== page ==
Whereas Bad Blood seemed to state that Mulder and Scully would never share the same perspective, Field Trip suggests that both characters have evolved and matured to the point where they can see the world through the eyes of the other. Bad Blood featured the two characters positing wildly different accounts of the same event, but Field Trip only resolves when Mulder and Scully come to share each other’s perspective. It feels entirely appropriate to close out the sixth season suggesting a new harmony between the two leads.

It's a dirty job...

It’s a dirty job…

A recurring theme in the sixth season is a sense of anxiety around the success of The X-Files, and what that means for the show itself. Quite a few scripts in the sixth season meditate on the idea of immortality or timelessness, presenting the status quo as a centre of gravity that will eventually pull the show back into a familiar shape. This logic even applied to the season’s big mythology two-parter, Two Fathers and One Son, which gestured to close the mythology without actually resolving anything.

Success is often a double-edged sword. The X-Files had begun its life as a scrappy cult hit and had grown into a massive franchise with feature films and merchandise and even the possibility of spin-offs. By the sixth season, it was miles from its cult roots. More than a thousand miles, in fact – the distance between Vancouver and Los Angeles. The X-Files was no longer something designed to fill a late-night slot on Friday nights, it was one of the biggest success stories for the Fox Network.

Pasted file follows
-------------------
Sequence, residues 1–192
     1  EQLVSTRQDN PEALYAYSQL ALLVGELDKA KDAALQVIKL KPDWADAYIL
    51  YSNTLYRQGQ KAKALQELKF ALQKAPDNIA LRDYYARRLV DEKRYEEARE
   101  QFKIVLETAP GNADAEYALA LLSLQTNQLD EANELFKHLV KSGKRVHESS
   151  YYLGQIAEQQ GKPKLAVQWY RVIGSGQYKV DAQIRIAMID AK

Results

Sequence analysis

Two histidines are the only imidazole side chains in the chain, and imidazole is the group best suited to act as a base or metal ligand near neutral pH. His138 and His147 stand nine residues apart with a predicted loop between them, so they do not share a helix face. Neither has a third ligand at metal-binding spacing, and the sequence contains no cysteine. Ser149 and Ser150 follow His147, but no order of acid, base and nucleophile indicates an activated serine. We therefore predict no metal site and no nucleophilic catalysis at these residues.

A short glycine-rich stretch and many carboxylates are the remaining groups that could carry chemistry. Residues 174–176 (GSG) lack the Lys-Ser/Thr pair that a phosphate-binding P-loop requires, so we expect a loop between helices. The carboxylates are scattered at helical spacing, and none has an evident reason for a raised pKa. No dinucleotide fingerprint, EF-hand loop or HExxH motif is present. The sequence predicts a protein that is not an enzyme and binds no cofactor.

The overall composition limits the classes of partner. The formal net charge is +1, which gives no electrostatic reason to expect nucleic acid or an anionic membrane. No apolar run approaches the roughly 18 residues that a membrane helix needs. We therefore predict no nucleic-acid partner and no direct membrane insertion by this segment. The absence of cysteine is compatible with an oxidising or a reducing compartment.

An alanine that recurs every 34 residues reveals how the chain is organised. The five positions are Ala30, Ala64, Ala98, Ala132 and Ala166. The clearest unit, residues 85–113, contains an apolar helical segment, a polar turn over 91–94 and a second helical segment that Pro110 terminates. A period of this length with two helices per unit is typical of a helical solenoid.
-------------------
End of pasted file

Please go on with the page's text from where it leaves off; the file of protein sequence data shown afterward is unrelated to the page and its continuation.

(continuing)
The Truth is in Mulder's bedroom. Smooth.

The Truth is in Mulder’s bedroom. Smooth.

Although The X-Files was technically closer to the end of its run than the beginning, it seemed rather unlikely that Fox would ever let The X-Files go. The show had succeeded by just about any measure. It had reached the hundred episode mark, which was necessary for future syndication; it had lived beyond Chris Carter’s original target of five seasons; it had produced a feature film; it had managed to peak just outside the top ten shows on American television. To anybody looking at The X-Files, it seemed like the show was invincible.